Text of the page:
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  • Writer's pictureJulie Barnes

March 10, 2023

Maverick's Update

Only What Matters in Health Information Policy

Only one guy wanted the job of passing out Oscars this year: late night show host Jimmy Kimmel. According to the promo, ABC chose Jimmy Kimmel because he is both “unflappable and unslappable.” Plus, 9-time show host Billy Crystal has a dentist appointment this Sunday night. Can we stay up for the entire night to find out which of the 10 nominated films won best picture? Not sure, but in the One Thoughtful Paragraph, we look at health policy reports that should win recognition, but probably never will.

Other health information policy news that is interesting but will not win any awards:

  • Members of Congress and their staff are being warned by the FBI that they may be victims of a health data breach that exposed "names of spouses, dependent children, their social security numbers, and home addresses." The FBI confirmed that health records were stolen from the Washington, D.C. health insurance marketplace (DC Health Link) and a dark web broker was offering to sell the data.

  • The Regenstrief Institute released its semi-annual update of LOINC, a universal interoperable language for test results, observations, and other lab information, in partnership with the FDA, CDC, and the Association of Public Health Laboratories (APHL).

  • The Biden Administration released its National Cybersecurity Strategy proposal, which received a positive reception from the AHA and HITRUST.

One Thoughtful Paragraph

Unlike the typical 3+ hour Oscars show, we only have a few minutes for the One Thoughtful Paragraph. So we will quickly run through the top three health information policy hits this week:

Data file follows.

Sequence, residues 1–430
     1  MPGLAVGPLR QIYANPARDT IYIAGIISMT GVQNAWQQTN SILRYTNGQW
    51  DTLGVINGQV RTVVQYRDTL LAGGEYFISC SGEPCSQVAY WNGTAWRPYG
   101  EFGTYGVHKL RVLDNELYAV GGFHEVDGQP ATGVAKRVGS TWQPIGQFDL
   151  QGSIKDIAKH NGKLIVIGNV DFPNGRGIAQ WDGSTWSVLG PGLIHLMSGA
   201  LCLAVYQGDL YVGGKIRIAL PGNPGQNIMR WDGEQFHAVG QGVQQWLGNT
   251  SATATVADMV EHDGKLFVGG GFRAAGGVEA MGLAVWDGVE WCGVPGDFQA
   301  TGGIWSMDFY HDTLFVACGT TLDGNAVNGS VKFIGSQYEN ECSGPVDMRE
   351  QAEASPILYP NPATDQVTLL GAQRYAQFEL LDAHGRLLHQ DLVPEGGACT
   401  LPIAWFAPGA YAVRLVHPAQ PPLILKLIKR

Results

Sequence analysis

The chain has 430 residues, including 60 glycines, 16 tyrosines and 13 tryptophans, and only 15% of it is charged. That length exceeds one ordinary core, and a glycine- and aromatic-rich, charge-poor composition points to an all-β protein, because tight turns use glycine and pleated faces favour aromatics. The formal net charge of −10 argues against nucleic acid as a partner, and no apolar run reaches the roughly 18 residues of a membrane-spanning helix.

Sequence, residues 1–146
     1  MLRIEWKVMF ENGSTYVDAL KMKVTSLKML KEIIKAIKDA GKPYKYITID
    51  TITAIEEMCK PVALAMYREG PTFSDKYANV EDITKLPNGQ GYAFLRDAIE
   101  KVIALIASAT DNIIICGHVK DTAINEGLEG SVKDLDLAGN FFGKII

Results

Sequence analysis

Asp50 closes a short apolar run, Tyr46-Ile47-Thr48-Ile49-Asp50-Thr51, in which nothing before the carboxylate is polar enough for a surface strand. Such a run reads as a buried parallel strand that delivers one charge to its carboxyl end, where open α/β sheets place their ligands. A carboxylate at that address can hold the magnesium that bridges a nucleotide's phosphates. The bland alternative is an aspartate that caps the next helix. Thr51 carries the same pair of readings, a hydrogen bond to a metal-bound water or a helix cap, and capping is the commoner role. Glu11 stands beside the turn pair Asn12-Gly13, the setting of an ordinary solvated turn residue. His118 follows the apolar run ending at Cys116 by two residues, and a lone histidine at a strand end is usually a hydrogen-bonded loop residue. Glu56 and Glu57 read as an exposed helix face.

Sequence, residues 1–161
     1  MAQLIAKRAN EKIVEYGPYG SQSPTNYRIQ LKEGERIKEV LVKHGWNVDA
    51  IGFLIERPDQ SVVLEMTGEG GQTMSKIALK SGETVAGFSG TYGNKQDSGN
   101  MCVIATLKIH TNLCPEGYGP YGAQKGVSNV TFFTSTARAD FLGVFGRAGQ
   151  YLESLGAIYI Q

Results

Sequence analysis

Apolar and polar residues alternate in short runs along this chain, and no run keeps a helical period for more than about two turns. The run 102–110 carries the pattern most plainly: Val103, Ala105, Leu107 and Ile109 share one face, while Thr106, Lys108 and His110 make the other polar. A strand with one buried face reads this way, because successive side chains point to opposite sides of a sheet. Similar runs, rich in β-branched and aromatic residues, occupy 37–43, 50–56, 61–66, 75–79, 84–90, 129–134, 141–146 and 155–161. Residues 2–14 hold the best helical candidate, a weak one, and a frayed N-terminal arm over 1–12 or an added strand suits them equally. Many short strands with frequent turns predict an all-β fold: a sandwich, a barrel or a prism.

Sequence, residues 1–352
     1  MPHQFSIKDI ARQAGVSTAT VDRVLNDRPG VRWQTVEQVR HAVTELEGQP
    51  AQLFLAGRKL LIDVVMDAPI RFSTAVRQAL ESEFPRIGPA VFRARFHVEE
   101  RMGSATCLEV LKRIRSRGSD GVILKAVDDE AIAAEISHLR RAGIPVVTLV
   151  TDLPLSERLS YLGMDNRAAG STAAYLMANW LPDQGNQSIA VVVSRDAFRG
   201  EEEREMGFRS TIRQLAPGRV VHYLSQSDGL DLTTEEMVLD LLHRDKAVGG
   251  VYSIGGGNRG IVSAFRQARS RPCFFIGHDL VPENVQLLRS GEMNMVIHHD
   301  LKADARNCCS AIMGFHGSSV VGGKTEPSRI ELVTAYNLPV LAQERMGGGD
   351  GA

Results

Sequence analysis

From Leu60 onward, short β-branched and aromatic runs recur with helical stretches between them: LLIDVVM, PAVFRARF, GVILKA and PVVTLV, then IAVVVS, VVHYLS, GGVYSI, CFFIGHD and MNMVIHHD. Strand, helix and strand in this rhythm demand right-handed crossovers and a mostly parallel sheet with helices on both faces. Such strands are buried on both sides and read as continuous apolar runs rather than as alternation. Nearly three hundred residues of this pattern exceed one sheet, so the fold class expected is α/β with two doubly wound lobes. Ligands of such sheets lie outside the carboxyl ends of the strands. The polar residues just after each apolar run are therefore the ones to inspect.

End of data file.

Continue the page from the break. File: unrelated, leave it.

1. Just like the film Women Talking, people will find this news too boring to notice -- despite its importance: three female U.S. Senators (Amy Klobuchar, Elizabeth Warren, and Mazie Hirono) introduced the Upholding Protections for Health and Online Location Data (UPHOLD) Privacy Act, which would prevent identifiable health data from being used for commercial purposes.

  2. Just like Avatar: The Way of Water, which is about a futuristic threat to an entire species because of bad decisions by humans, the National Institute of Standards and Technology (NIST) is unlikely to win an award for its draft internal report on genomic data cybersecurity to address privacy and risk management problems that could rise to the level of national security threats. The agency is accepting public comments through April 3, 2023.

  3. Just like Top Gun: Maverick, which is an overly-sappy and nostalgic return to a better time for movies, a new report by the ONC is overly-enthusiastic about the progress made on interoperability. Rather than harp for too long on the many challenges remaining about public health reporting, the lack of information blocking penalties, or how mental health therapists, long-term care facilities, and community-based organizations do not have money or mandates to adopt interoperable data standards, the ONC spends most of its 46-page report celebrating its past information-sharing accomplishments.

Why isn't interoperability more widely adopted yet? Part of the problem is that ONC does not have the authority to fix what else is broken. It reminds us of this dialogue in Top Gun: Maverick:

ED HARRIS: (As Rear Admiral Chester "Hammer" Cain) You should be at least a two-star admiral by now, yet here you are, Captain. Why is that?

CRUISE: (As Captain Pete "Maverick" Mitchell) It's one of life's mysteries, sir.

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